One way to define your budget is to do omakase. This is where you put your trust in the hands of the chef, or in this case, the itamae (sushi chef). NEVER ASK WHAT IS FRESH - this is probably one of the biggest insults to an itamae that one can levy. It is assumed that everything that is up for offer is at its utmost based upon the itamae's skills of selection, knowledge and taste. It is more proper for you to exchange with the itamae your preferences and tastes - he then will select various things available to him that he feels will satisfy you, as well as maybe pushing the envelope just a bit. "I don't care for the more fishy sashimi like aji (horse mackerel) or saba (mackerel) but do enjoy toro (tuna belly) and hamachi (young yellowtail)." Most places will let you determine how much you want to spend on omakase. Others have an unspoken code, where upon the given diner requests a certain type of sushi (often it is the blue crab roll), the itamae knows you're calling it quits. Another custom is to lay your chopsticks down on your plate where they lay parallel to the bar or table. Or just politely let them know you're finished. "Go-chi-so-sama desh-ta," is a polite way of saying, "thank you for the meal," which strongly suggests to the itamae that you're done, and that you truly enjoyed the experience. But even still, one often gets caught up in the momentum of the meal, as it can be fluid and continuous when an experienced itamae with great skills, good pacing and a nice demeanor gets you and your guests going. The sushi keeps coming, you order more drinks, maybe one or two drinks for the itamae, etc. So again - define your budget.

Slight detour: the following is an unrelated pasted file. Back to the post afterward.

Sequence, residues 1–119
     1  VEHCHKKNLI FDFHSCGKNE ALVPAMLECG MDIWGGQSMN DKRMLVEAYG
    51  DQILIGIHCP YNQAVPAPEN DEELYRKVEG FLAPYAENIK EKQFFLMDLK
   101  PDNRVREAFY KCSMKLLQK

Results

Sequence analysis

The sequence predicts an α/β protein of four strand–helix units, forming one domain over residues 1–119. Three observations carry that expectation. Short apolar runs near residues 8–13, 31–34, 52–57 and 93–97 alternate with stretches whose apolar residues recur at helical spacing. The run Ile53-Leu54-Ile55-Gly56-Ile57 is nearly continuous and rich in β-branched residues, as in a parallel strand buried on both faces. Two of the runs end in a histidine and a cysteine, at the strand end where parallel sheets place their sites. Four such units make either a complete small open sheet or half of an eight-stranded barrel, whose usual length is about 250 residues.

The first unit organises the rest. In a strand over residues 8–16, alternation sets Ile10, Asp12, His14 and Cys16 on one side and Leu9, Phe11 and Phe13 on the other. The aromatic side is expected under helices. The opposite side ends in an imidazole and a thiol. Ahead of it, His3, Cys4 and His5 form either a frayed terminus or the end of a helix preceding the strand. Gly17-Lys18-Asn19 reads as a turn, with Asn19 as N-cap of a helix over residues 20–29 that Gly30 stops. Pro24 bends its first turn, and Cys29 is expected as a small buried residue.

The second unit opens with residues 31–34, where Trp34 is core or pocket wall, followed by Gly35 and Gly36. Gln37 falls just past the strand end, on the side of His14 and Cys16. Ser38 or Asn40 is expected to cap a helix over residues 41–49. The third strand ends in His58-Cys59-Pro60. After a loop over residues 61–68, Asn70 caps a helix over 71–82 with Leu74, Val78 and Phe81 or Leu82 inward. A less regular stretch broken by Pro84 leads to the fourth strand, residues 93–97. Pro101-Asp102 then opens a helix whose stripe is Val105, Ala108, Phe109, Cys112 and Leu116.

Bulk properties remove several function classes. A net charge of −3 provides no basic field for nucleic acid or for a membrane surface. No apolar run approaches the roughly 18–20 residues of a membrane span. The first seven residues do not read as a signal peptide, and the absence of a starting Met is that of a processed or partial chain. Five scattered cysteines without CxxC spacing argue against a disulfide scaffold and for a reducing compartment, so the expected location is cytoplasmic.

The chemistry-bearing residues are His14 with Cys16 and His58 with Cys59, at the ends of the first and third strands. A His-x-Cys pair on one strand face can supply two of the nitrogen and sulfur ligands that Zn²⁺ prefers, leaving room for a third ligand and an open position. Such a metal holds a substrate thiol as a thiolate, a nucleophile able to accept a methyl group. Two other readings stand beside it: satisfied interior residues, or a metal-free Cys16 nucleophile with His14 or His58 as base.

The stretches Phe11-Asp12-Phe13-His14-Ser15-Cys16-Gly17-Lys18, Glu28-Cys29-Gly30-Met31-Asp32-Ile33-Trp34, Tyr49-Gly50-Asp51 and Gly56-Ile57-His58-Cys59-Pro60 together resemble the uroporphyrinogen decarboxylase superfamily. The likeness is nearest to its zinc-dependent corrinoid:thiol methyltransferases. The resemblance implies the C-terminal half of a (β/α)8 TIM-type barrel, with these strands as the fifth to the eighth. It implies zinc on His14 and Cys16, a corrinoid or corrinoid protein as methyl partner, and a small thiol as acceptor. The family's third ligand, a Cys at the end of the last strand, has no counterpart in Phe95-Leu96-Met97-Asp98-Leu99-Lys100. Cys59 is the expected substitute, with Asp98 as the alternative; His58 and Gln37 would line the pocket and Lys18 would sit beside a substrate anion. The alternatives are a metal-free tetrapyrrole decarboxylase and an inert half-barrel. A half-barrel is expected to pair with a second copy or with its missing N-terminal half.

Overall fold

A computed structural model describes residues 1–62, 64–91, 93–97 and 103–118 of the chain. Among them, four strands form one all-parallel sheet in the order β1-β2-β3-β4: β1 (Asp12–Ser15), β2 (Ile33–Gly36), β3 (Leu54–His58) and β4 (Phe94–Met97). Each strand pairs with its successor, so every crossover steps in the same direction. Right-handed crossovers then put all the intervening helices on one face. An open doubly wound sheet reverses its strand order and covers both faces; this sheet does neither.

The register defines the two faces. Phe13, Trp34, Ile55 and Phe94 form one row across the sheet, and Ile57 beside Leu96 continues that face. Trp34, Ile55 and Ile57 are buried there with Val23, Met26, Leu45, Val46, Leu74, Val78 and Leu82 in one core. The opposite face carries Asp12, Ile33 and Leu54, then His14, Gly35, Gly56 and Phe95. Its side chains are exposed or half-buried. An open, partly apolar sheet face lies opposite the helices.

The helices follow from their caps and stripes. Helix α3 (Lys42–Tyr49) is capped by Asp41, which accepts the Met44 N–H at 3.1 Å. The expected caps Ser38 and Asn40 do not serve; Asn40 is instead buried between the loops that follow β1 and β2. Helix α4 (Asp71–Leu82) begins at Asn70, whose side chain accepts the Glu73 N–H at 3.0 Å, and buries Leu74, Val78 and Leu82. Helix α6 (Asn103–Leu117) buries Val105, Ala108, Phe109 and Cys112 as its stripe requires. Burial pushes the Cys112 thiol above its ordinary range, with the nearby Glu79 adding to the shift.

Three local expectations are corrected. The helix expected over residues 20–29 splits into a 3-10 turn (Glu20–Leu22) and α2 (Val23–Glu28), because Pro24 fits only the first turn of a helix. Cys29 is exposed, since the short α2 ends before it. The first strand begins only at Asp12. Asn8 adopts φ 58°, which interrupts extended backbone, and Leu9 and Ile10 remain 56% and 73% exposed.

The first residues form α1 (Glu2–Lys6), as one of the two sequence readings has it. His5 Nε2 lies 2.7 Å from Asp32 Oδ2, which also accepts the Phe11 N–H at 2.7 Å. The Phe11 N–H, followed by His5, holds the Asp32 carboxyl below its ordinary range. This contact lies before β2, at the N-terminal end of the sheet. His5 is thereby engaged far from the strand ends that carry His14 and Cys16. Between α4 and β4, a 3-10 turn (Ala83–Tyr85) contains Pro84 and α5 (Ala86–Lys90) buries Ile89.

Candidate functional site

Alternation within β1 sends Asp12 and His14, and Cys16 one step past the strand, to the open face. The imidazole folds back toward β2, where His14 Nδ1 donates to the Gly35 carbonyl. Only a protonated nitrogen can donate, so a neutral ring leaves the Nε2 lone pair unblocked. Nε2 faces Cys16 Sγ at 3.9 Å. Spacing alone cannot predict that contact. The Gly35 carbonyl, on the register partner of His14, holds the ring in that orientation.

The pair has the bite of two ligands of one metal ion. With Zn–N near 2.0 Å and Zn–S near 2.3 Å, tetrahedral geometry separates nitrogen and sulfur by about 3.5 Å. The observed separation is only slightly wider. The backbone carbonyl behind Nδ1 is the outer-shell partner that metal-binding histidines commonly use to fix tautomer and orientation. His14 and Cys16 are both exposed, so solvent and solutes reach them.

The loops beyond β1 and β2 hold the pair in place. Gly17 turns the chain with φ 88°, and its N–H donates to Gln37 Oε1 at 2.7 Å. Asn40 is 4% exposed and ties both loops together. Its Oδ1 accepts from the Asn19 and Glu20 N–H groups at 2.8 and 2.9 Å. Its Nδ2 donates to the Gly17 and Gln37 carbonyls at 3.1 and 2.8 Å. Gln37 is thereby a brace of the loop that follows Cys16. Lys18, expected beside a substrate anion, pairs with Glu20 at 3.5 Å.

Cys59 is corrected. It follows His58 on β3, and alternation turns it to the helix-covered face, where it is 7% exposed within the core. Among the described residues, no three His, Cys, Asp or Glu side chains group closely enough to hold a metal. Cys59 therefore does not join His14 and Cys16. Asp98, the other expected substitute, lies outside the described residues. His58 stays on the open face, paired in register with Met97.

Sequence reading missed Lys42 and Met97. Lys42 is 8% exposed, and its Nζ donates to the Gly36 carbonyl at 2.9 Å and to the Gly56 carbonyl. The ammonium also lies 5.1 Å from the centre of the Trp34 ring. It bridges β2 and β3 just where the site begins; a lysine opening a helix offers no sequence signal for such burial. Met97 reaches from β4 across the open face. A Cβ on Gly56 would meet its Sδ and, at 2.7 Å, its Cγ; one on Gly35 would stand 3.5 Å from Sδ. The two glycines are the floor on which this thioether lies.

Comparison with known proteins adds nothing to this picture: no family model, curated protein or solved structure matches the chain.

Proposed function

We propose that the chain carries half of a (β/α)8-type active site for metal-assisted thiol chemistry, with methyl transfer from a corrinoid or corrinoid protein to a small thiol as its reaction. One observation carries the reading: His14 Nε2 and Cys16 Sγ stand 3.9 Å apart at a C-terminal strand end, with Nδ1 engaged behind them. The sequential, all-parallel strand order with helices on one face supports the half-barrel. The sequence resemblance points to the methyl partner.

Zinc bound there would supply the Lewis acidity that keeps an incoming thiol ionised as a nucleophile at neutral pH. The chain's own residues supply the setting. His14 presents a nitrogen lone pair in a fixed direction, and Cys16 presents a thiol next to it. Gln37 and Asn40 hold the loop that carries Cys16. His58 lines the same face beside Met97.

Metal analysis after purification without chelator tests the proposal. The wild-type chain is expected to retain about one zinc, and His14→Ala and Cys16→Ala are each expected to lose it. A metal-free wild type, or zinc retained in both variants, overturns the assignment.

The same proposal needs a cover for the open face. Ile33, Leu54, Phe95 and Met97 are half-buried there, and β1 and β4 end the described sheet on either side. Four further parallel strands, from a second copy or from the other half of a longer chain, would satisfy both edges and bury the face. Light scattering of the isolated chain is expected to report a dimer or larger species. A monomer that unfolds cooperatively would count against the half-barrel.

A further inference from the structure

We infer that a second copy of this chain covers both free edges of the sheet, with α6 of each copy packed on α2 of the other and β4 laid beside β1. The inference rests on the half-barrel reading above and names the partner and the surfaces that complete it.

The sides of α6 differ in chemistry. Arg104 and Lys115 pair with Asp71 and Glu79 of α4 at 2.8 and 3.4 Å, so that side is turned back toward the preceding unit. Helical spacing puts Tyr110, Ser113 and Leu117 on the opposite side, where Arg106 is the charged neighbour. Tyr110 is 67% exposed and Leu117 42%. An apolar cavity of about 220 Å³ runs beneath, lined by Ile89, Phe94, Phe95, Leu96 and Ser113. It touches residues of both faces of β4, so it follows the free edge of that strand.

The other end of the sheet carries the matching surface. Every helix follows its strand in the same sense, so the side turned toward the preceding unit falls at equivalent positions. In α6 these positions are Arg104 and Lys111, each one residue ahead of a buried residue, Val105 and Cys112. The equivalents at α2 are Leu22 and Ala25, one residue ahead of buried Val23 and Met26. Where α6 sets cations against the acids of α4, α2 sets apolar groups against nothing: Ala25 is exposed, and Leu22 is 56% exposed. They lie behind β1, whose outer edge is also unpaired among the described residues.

It might benefit you to do a little front-end research for places that you might want to visit, parts of town that you wish to eat in, price levels, etc. It sounds like common sense, but go with the best place - quality of fish, itamae skills - that you can afford. If you're in SoCal, you have a ton of choices at every price level. Search around this website for your area's best recs - You'll often see the same posters' names show up at various sushi-related threads who know their stuff, give great advice, and give blow-by-blow descriptions of what they ate. Here's an example:
As you can see, folks experiencing sushi, and even doing omakase, can put away a fair amount of food and drink, and the tab for one can run up to a weekend getaway for two. This is a more extreme example, but not uncommon. And as you can see, the original poster, or OP tells a blow-by-blow narrative as well as concise observations, comparisons to other places on the same level, etc. My point is not to intimidate you, but to impress upon you that the experience you choose is pretty open-ended, so do your homework, hit a few website searches on sushi and its etiquette, choose a handful of appropriate possibilities and I think you'll come up a winner...
Good post, bulavinaka. Others have an unspoken code...(often it is the blue crab roll) -- why is that?
eateroc, it depends on your appetitie. I would say four rolls is the max I can eat, spaced out over two hours, with a healthy portion of saki. A chirashi was too much for me alone.
On the advice of some here, I recently experienced the best sushi in the world. Well, in Westchester County. I hope you have as heavenly a dining experience as I did.
"Go-chi-so-sama desh-ta," is a polite way of saying, "thank you for the meal," -- nice, I'm going to have to write that down and bring it along next time.
That unspoken code is a mystery to me. I used to eat at sushi bars in mostly Hiroshima, Japan almost every day for lunch (sometimes for dinner) in my younger days, and in Narita (town not airport) as recently as last year. I never witnessed or was told about this custom. Maybe it's an LA thing as I've only read about by LA posters who report on their experiences, and it tends to be at the better, more traditional bars. The blue crab hand roll is very delicate, earthy, somewhat briney and sweet, and usually is anointed with maybe a little mayo or chile oil (my preference), some rice, and is rolled in nori. But I've never been a huge fan of this - maybe because I haven't had an exceptional one - I prefer the flavor profile of cooked crab.